2.3       Empowerment of RSK’s: These centers should be generally empowered to discharge all those functions as are presently being performed by the Employment Exchanges. Also Exchange’s job seeker’s database should be made available to these centers in an interactive manner. Further, centers should be authorized so that their credibility is established among the job seekers and the employers of the area.

2.4       Marketing & Publicity of RSK’s; These centers should be manned by well-trained persons who can perform the roles and functions of the Employment Exchanges and take up suitable publicity measures in their areas for marketing their services.




3.1       Use of Information Technology: Gujarat has one of the finest IT infrastructures in the country. All the Exchanges have been computerized and interconnected and their databases have been put up in the public domain by the government. Directorate of Employment & Training has set up a web-based dynamic portal capable of performing many of the Exchange functions with suitable safeguards. Thus, virtual Exchanges are already available on the net throughout the State and in fact, the world.

3.2       Talimrojgar Portal: The, (also is the web-based platform for virtual employment exchange. It is operational since January 2002. It provides the full database of jobseekers in terms of age, qualification, location, sex, caste, experience etc. Also it allows fresh registration by a job seeker besides renewal and updation of data by existing jobseeker through password. It also has query-based modules and provides information on vacancy notified by the employers on different exchanges. Career and Vocational Guidance module, Rojgar Samachar etc. are the added features for the job seekers. Over last 11 months of its operation, over 75,000 visitors (end January 2003) have logged on the portal.

3.3       RSKs to complement Por tal Services: Though, presently any one can access the job seekers database from the abovementioned URL, yet not many jobseekers or the employers possibly have known or used it. This may be so due to lack of publicity of the URL or low level of Internet penetration in the State or even the lack of capacity to use it. RSKs can help the users in obtaining maximum benefits of the services available on this URL.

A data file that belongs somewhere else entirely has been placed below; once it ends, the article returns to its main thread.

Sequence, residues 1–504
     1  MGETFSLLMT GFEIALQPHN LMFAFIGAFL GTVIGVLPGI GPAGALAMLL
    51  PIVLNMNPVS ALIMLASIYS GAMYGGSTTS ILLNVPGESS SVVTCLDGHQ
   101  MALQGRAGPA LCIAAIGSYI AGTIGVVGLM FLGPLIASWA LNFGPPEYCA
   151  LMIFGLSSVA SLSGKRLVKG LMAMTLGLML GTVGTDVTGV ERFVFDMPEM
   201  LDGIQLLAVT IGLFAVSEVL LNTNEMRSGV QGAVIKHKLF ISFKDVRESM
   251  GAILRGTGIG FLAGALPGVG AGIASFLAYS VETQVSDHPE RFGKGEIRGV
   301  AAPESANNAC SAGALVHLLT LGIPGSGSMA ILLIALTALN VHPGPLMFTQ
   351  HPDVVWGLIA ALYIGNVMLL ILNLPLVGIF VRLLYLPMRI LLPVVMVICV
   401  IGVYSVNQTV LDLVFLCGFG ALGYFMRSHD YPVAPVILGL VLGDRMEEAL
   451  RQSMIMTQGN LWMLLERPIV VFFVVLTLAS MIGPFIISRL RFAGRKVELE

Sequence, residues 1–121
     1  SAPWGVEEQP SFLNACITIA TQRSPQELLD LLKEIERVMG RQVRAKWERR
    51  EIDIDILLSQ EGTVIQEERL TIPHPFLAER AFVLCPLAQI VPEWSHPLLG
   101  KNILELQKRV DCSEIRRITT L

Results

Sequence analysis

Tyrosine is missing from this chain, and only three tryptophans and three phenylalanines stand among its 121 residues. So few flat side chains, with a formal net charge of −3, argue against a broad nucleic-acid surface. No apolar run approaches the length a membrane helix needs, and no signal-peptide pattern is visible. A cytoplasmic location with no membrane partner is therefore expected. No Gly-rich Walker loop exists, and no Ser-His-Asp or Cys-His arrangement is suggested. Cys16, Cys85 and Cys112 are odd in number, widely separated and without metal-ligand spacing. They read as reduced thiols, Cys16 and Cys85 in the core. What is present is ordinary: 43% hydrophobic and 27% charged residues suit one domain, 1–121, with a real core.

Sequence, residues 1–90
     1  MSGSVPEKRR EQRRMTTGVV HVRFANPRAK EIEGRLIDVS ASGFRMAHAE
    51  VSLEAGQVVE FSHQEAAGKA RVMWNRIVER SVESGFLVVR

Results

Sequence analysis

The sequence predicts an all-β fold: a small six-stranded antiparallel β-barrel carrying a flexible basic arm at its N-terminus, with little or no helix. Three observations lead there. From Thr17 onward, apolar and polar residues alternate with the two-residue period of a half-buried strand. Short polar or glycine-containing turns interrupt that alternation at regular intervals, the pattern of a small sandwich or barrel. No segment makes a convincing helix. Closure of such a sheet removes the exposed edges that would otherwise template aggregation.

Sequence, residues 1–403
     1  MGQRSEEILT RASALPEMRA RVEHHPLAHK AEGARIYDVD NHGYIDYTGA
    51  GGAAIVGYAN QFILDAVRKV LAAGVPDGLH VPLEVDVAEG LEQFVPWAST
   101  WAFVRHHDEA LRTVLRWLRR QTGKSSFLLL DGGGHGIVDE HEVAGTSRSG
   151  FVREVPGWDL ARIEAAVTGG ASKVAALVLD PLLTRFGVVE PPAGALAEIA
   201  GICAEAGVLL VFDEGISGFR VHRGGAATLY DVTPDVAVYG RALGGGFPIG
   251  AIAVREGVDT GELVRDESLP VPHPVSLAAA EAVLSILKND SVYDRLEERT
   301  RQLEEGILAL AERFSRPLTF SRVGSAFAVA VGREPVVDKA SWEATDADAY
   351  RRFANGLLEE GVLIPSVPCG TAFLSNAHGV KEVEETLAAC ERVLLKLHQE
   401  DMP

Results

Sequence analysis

4.1       Inviting of applications & selection criterions: Each RSK would be selected by inviting applications form suitable candidates from any particular area (s) or the whole state by way of a specific or gener al advertisement (s) in the newspaper (s) having wide circulation in the area. From amongst the applications so received, preference would be given to those candidates who have minimum educational qualification, aptitude and possess infrastructure such as 100 sq. ft. area shop/ cabin/ room, computer, printer, scanner, Internet, seating arrangements etc. DET is aiming to provide one center for every 2,000 job seekers presently registered with each Exchange and at least one per taluka. Centers allotment would be made in the manner so as to cover maximum talukas and cities of the State.

4.2              Capacity Building: Respective Exchange officers would suitably train each RSK in their jurisdictions so that it can perform its assigned functions in an effective manner.

4.3              Authorisation: RSK would be allowed access to the database of the jobseekers with specific search facilities in its district as well as authorization to register, renew, update jobseeker’s data base in the prescribed manner in lieu of ” Fees Rs. 1000/- ” ( For three years ) to be paid to the DET. They would be assigned suitable passwords for the same. However, this would not abridge or infringe upon the rights and the authority of the Exchanges or the directorate or the government to maintain, update or use such database in any manner, as it deems fit.

4.4       RSKs to undertake self-marketing & promotion: Each RSK shall undertake all necessary measures for publicizing its services amongst the job seekers and the employers in its area at its own cost. It will have to establish one to one contact with all the jobseekers and employers in its area of operation.

4.5       User charges for RSK services: Each RSK can charge for all the user services provided by it to the jobseekers and the employers. There would a ceiling on such charges to be recovered from the jobseekers; however, no such ceiling on charges from the employers has been proposed.

4.6       Maintenance of Records by RSKs: Each RSK would maintain the records of services provided and the charges recovered from the job seekers and issue proper receipts for the charges. Similarly, it would also maintain the records of the job vacancies data collected by it in its area and also record the job seeker’s name to which the placement was provided. It would also submit necessary returns to the District Exchange at regular intervals.

4.7       Quality services: Since the RSK would be charging for the services rendered to the job seekers and the employers, therefore, it would maintain the highest standards thereof at all times. It would bind itself to this effect by executing suitable agreement with the Directorate of Employment. Also, the Exchange officer or any other authorized officer of the Directorate will carry out inspections at regular intervals and if the RSK is not found working properly; its agreement would be liable for cancellation by the Directorate.

4.8       Other activities: RSKs, while providing the placements on the local job opportunities, can also help and motivate the job seekers to take up self-employment ventures. There are many such schemes undertaken by various government departments but the extension mechanism of such schemes lacks the punch, more or less, in the same manner, as is the case of employment exchanges. By way of their very decentralized nature and proximity to the ground level scenario, RSKs can undertake this task as well. Since RSKs would be continuously collecting the skill requirements of the job market and supplying the manpower, which matches up to the demand, they can provide useful data to the planners and managers of education and skill development services like training centers, schools and other educational institutions.